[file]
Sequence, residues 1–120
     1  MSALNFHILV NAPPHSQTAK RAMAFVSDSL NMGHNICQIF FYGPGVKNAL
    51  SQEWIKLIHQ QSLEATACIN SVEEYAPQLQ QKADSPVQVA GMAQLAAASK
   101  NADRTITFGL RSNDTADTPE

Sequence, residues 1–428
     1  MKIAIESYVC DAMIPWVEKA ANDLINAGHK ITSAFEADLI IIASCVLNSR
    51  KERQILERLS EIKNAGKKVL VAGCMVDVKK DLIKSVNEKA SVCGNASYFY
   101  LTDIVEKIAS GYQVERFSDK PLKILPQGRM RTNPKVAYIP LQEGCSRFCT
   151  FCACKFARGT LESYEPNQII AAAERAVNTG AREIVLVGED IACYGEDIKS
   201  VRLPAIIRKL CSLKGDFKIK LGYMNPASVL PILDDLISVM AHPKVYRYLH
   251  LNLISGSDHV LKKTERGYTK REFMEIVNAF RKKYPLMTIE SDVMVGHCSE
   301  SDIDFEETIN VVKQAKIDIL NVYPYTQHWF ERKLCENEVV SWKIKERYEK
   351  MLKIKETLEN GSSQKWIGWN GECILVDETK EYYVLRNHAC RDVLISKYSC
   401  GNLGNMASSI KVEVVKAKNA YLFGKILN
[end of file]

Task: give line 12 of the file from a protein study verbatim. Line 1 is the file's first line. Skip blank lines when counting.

   301  SDIDFEETIN VVKQAKIDIL NVYPYTQHWF ERKLCENEVV SWKIKERYEK